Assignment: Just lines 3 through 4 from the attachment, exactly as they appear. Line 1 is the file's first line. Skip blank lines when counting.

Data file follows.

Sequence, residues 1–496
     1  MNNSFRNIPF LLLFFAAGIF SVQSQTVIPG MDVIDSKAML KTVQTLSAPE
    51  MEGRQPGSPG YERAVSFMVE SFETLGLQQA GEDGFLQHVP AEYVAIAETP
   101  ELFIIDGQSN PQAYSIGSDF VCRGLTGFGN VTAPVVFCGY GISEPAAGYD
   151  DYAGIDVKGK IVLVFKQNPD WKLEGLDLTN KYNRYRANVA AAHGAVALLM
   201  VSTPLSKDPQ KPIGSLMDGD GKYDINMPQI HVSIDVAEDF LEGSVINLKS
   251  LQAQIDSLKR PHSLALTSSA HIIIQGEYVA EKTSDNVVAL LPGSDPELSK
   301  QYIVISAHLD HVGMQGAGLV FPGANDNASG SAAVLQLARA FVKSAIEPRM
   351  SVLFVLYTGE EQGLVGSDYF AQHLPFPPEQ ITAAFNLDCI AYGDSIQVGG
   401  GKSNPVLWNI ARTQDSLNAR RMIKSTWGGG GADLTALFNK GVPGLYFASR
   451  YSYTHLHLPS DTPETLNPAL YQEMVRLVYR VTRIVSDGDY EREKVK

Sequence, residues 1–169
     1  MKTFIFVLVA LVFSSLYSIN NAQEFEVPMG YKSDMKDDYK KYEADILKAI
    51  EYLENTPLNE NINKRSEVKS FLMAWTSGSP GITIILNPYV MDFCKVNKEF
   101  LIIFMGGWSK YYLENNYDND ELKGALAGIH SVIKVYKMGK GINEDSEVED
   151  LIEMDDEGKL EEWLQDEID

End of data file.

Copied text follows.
    51  MEGRQPGSPG YERAVSFMVE SFETLGLQQA GEDGFLQHVP AEYVAIAETP
   101  ELFIIDGQSN PQAYSIGSDF VCRGLTGFGN VTAPVVFCGY GISEPAAGYD